It was a year ago this week that Gotye released ‘Making Mirrors‘ in the UK, the album that unleashed upon us one of the catchiest tunes to ever spread its viral wings over the internet: “Somebody that I Used to Know.” In the UK it gained momentum through word of mouth and social media shares, but by the time it hit the US and went to number 1 in April 2012 (thanks Glee), it had already been glorified, parodied, and meme-ified for months over here. Thanks to the intercontinental split in my social media connections, I got hit by the wave of shares twice. While the US was spanking itself over the head with that amazing video, my Facebook wall (sorry, ‘Timeline‘) was already blowing up with “Some Rabbi that I Used to Know.” And that group of people who all wanted to cover Gotye but only had that one guitar.
I don’t want to give the impression that I’m not totally psyched about all this; I am more than anything amazed that me and popular music have for once agreed upon a great song, probably one of the best of the year. I also might be one of the few remaining humans with ears who can listen to that song without cringing, as I hear from both continents that over-playing has crushed its initial novelty charm. Have over-zealous DJs the world over ruined Gotye for posterity? I (admitted fangirl) have faith that the almost extreme diversity and versatility of his songbook can carry him through the threatening waters of one-hit wonderland, but only time will tell.
I think, at least, that we don’t need to worry that fame and success have gone to Wally de Backer‘s shaggy head. When “Somebody that I Used to Know” became viral, I inwardly worried that it would turn into the next “Sex on Fire,” the song that catapulted Kings of Leon to enormous fame and success, while simultaneously revealing them to be an ungrateful and snobbish pack of backwoods hipsters who distinguish between ‘real‘ fans (pre-‘Only by the Night‘, of course) and ‘mainstream‘ fans, and still find time to scoff dismissively at their own hit song.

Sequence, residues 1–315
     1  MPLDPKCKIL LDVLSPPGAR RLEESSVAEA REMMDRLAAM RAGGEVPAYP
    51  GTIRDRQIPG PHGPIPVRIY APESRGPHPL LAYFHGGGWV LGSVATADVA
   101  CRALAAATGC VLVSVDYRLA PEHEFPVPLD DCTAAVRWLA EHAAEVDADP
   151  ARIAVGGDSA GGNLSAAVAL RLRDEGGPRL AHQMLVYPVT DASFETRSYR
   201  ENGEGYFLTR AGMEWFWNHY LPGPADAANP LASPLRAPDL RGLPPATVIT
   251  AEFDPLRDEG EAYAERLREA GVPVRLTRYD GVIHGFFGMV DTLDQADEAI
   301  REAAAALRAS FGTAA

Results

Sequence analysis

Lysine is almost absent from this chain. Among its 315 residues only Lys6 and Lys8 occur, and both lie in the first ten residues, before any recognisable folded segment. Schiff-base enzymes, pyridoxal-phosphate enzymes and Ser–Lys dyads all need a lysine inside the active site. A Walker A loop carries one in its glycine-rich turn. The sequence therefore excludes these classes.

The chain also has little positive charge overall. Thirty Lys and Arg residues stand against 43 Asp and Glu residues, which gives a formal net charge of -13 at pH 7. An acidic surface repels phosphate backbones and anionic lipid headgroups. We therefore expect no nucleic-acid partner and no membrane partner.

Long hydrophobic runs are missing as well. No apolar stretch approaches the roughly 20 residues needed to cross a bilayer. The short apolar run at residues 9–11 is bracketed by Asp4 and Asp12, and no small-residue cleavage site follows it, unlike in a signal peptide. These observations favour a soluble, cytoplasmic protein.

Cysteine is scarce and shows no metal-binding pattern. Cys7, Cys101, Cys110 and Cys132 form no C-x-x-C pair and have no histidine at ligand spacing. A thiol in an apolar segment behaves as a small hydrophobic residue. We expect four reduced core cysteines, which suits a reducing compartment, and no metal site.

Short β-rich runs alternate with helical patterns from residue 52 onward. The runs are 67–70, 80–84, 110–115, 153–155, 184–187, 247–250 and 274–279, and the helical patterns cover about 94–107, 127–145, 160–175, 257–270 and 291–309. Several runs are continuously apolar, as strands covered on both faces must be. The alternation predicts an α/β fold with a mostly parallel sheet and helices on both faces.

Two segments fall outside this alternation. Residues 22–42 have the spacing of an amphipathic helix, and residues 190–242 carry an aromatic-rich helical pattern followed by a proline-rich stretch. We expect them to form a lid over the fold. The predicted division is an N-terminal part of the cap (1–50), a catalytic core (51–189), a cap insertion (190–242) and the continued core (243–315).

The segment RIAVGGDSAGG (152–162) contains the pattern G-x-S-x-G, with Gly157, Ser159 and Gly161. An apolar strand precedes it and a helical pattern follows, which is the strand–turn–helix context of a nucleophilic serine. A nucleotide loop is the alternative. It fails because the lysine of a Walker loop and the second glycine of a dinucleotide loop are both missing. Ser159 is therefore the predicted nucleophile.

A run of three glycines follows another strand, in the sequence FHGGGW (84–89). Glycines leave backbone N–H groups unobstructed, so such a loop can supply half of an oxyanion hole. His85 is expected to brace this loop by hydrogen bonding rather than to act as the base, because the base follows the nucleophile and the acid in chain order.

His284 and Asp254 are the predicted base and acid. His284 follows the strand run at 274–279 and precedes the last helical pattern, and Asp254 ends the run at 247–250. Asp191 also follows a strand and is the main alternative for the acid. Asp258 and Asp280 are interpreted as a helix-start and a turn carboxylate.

But happily Wally seems as down to earth as ever, and you can imagine that the success of this one virally massive tune won’t change much about his recording digs (a barn) and production process (he records and produces primarily by himself). It should also be noted that ‘Making Mirrors‘ was not his first big album if you’re talking about Australia or Belgium, and “Hearts a Mess” was a hit single in those countries (thanks in part to another amazing video) long before stop frame animation body paint was blowing up YouTube.
Gotye himself recently released a YouTube remix called “Somebodies: The YouTube Orchestra.” The act itself is irresistibly apropos; the remix video is assembled from clips of covers, instructional videos, and parodies posted to YouTube by others. The process seems apt because this practice of layering samples and borrowed cuts is how de Backer originally constructed the song. But the video also feels like a nod of notice, appreciation, and perhaps even gratitude to the medium and participants who boosted a small Australian success story into a worldwide musical phenom with the click of a button.